Holding Our Hurt

Whenever my children bruise themselves they place their hands over the swelling and just sit there with little tears trickling down their cheeks, holding their hurt. What’s interesting to me is their instinctive reaction to draw closer to the pain, to press into it, to hold it, to sit with it. And perhaps that’s where we start. The way we learn to respond well to pain and suffering is to press into it. Can we sit with it long enough to listen to what it wants to say? What is it trying to teach us? Can we listen to that dull ache in our lower back or those grey cloudy thoughts that keep circling around our mind. "Because the beginning of all real healing, wrote Henri Nouwen, is solidarity with the pain." And this leads us to one of our most important truths, pain does not define us—it refines us. If we can respond with the right intention, if we can sit with it long enough, if we can steward it, if we can let it do the work it wants to do, then it becomes a refining experience. None of this means we pursue affliction. It just means we don’t have to stiff arm it so much. We don’t have to see it as God’s condemnation of the life we’re living but rather as a kind of commendation of His life and love and holiness to us. Sitting with our pain, letting it speak, letting it teach us is only something we can learn to do by grace. It’s a prerequisite for the deeper journey with Jesus, and it’s something He’s eager to teach (Jn 16:33).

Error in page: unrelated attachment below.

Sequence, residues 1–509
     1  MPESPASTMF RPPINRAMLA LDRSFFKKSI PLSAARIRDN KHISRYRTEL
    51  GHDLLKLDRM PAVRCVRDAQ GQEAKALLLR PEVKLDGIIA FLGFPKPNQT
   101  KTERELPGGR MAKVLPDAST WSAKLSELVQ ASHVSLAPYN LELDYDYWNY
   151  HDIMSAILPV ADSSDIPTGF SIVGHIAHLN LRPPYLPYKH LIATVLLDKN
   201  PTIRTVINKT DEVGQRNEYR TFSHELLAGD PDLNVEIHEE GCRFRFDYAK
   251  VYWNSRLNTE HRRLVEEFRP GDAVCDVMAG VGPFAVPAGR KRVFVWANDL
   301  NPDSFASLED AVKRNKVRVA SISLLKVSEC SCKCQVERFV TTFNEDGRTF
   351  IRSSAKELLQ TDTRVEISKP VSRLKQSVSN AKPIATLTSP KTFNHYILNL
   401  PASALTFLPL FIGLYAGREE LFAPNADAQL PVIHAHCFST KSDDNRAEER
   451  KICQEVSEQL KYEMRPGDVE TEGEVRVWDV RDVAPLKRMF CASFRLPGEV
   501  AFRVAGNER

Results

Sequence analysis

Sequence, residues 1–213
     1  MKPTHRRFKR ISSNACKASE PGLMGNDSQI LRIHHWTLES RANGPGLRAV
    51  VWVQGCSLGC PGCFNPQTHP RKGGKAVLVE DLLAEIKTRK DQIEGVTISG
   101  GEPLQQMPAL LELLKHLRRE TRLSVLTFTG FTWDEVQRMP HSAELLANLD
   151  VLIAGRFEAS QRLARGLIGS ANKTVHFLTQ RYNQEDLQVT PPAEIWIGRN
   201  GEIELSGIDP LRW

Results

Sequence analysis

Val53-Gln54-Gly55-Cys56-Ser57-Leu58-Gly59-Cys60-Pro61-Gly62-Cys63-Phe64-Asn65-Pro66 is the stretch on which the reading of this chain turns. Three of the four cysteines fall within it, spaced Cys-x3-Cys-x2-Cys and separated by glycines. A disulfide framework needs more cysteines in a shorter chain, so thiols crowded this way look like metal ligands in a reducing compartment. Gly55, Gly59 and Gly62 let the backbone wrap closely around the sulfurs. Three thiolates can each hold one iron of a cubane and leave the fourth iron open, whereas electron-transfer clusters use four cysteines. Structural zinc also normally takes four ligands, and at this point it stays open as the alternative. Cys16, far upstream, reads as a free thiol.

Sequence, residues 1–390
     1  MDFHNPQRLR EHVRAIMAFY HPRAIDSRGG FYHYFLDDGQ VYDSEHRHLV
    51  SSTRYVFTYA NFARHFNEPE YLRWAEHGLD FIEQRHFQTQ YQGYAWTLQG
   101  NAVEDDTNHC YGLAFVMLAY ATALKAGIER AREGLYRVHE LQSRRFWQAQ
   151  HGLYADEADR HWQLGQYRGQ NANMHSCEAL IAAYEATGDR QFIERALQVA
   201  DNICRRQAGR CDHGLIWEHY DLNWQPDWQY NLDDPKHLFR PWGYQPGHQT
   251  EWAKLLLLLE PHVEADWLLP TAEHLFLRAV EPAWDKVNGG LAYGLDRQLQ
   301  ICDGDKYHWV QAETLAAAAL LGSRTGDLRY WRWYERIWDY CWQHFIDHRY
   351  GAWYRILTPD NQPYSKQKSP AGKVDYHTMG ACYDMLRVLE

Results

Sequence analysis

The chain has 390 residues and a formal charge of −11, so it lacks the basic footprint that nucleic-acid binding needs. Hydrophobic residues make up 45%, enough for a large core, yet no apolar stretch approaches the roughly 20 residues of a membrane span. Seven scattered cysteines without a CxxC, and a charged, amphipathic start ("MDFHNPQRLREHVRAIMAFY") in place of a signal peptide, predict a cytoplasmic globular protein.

Jonathan R. BaileyPain